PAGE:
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Losing Trick Count: the Rule of 18 - Bridge

A recent evening of family bridge was characterized not by misplaying hands nor misdefences but rather by failures to reach game and even slam contracts with fewer than the normally prescribed number of high card points. This raises the topic of evaluating the playing strength of hands in suit contracts, taking into account both distribution and points.

Most readers will be familiar with the "Rule of 20", a method taught in most Israeli bridge clubs, for determining whether a hand with fewer than the standard 12 plus points should, in fact, be opened in first or second seat. The development of the rule is attributed to Grand Life and World International Master, Marty Bergen.

Very simply, add together the number of cards in your two longest suits to the number of points in your hand. If the result is 20 or more, the hand can and should be opened. The standard example given in the literature is the following: ♠ 6; A Q 9 6 5; A 10 9 6 5; ♣ 4 2. Adding 5 for each of the red suits to the 10 HCPs gives 20, so the hand is worth an opening bid of 1.

Bergen adds a number of qualifications to the rule, specifying, amongst other things, that the points should be in the long suits. Hence a hand such as ♠ A; 10 9 8 6 5; K 10 9 6 5; K 2 should not be opened. By the way, for bridge historians, the first hand satisfies the Culbertson criteria of 2 ½ "quick tricks", the method for evaluating hands prior to the introduction of point-count bidding by Charles Goren. The second hand does not.

What remains a source of frustration to the average player who has mastered the rules of "light" openings like the one above, is that they still do not get to the suit games that the top players do with a partnership holding of sometimes as little as 20 points.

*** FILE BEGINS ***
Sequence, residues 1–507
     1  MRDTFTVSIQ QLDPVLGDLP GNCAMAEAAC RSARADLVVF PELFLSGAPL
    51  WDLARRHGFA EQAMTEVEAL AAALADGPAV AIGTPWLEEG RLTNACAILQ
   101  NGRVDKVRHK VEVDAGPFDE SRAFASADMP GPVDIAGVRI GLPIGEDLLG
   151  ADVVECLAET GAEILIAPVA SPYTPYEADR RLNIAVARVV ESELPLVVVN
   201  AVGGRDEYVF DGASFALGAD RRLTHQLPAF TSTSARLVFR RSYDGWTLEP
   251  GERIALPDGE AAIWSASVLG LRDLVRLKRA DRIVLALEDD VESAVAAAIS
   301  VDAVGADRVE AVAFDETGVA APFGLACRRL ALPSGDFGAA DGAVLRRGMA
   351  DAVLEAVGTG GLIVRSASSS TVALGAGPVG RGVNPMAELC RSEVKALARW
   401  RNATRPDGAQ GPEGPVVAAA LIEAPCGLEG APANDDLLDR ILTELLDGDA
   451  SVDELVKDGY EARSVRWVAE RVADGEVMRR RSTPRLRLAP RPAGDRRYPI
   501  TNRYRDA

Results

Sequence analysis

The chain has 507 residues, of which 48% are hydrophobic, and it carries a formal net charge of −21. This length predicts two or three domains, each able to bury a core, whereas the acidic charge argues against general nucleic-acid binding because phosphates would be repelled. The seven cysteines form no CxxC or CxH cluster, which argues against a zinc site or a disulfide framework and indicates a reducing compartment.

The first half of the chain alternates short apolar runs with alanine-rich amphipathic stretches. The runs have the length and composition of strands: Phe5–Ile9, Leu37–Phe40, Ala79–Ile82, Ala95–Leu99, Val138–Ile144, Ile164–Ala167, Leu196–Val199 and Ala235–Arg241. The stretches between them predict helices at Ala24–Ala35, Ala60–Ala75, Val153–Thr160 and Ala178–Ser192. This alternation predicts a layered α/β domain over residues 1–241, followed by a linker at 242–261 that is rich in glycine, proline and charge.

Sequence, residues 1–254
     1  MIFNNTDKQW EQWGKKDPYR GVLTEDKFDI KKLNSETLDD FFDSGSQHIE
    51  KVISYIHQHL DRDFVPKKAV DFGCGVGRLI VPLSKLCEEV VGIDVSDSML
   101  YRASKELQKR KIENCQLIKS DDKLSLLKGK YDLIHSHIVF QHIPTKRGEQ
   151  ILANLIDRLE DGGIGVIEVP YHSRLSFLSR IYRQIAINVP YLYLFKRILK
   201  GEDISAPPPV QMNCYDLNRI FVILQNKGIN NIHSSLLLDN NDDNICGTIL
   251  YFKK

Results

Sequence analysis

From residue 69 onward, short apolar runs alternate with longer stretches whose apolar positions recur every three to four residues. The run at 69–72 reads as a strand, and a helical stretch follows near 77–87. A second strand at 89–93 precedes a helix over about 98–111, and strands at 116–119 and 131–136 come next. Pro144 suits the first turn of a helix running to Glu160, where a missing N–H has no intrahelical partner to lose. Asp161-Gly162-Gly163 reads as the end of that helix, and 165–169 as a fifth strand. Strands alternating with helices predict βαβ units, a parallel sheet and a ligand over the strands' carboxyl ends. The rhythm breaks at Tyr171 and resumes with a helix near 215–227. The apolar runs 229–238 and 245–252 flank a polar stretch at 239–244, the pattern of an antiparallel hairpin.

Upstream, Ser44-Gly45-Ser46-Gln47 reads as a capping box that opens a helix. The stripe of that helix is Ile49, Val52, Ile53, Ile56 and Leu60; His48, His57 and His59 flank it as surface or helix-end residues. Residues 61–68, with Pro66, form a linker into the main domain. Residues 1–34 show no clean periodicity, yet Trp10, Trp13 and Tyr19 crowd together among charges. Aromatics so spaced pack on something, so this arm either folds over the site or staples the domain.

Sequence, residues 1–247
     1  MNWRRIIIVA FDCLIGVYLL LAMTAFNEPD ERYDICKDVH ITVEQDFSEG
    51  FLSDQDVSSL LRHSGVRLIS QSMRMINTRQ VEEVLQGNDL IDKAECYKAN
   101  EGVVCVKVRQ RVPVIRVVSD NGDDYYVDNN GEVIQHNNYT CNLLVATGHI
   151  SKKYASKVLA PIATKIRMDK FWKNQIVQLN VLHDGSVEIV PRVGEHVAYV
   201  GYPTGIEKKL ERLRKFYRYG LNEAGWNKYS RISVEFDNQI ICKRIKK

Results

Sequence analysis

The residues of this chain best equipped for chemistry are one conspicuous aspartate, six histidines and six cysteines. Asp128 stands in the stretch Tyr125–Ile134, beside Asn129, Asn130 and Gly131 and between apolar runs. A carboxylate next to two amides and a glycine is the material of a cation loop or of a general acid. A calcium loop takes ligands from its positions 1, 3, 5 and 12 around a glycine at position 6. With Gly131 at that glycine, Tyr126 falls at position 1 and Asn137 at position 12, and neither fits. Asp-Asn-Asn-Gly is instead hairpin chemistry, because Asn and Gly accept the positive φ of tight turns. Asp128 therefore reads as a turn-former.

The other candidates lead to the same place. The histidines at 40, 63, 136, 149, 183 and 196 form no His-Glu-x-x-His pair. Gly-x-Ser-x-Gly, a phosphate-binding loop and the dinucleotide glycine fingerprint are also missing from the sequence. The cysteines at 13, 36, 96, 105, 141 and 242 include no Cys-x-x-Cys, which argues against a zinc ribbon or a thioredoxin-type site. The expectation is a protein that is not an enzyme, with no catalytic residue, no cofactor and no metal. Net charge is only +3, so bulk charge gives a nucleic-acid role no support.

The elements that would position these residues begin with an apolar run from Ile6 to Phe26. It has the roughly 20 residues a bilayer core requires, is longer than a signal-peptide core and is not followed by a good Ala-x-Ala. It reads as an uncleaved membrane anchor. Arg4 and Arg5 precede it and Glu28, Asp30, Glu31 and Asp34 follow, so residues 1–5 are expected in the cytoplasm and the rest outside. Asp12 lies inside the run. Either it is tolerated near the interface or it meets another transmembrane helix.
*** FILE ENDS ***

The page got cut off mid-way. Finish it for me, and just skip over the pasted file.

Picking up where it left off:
Do experienced bridge players use the rule of 20? Probably not. They have instinctively learnt which hands warrant opening and which not. But many still use a method during the bidding sequence called the "Losing Trick Count" (LTC), which dates back to the 1960s, to evaluate hands in the context of a fit of eight or more cards between their own and partner's hand.

By using this method of counting losers based on distribution and honor cards, we can determine roughly the number of winning tricks we can make on a given hand in a suit contract. Why would such a method be desirable? In excess of 80% of all bridge hands provide an eight-card or greater trump fit with partner. In other words, we normally have a fit with partner, and trump fits allow us to take tricks.

How do we count the losers in our hand? First, look only at the top three cards in each suit and count as a loser any card below the level of Queen. If you have a doubleton in a suit, you should of course only consider those two cards, and a singleton, only one. At most, in the case, of a 4-3-3-3 distribution, the flattest possible, you would consider 12 cards so the maximum LTC is 12.

Next add back one loser for any Queen that is singleton or not "supported" by an Ace or King in the same suit. As responder, or in subsequent bidding, an unsupported Queen with at least 2 smaller cards in a suit bid by partner, can be given back its full covering-card status and you can then reduce your loser count by 1.

Consider the following example: Your hand is ♠ A 10 8 7; 9; K 9 5 4 2; ♣ 10 7 2. Partner opens 1♠. You have a good fit in spades - at least 9 cards in that suit together with a minimum of 5 promised by partner. You must raise partner's spade bid directly to show him/her the fit - your hand is too weak in High Card Points (HCP) to bid 2 which requires a minimum of 10HCP – but do you bid 2♠ or 3♠ or even 4♠?

You count 2 losers in ♠ (10 and 8), 1 for the 9, 2 in (9 and 5) and 3 in ♣ (10, 7 and 2). Your LTC is therefore 8. You do not know partner's LTC but you can assume that an opening suit bid at the one level shows an LTC of at most 7.

Now apply the LTC Formula, which we will call the "Rule of 18":

Your losers + partner's losers = X